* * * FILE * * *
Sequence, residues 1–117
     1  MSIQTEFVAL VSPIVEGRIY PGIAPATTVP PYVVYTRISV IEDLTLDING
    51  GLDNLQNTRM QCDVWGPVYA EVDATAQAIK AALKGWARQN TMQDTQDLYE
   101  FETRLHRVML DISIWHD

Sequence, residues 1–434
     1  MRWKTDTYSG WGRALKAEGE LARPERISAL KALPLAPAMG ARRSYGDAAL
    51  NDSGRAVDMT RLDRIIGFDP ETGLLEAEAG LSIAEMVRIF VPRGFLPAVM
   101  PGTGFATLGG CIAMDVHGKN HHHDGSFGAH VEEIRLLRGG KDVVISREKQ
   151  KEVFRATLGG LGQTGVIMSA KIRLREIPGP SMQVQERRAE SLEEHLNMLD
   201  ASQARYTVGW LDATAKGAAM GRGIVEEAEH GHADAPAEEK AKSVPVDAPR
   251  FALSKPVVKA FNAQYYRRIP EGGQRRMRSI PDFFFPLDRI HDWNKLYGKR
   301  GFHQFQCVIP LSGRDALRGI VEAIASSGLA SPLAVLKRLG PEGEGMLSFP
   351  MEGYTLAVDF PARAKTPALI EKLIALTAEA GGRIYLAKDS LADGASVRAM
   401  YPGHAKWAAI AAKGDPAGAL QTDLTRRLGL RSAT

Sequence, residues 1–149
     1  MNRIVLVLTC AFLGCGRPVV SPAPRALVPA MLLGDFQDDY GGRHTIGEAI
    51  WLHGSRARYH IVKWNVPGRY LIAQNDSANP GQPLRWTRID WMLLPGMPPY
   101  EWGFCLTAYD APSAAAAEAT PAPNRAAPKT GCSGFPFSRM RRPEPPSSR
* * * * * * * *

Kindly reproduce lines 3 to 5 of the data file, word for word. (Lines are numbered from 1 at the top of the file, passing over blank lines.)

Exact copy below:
    51  GLDNLQNTRM QCDVWGPVYA EVDATAQAIK AALKGWARQN TMQDTQDLYE
   101  FETRLHRVML DISIWHD

Sequence, residues 1–434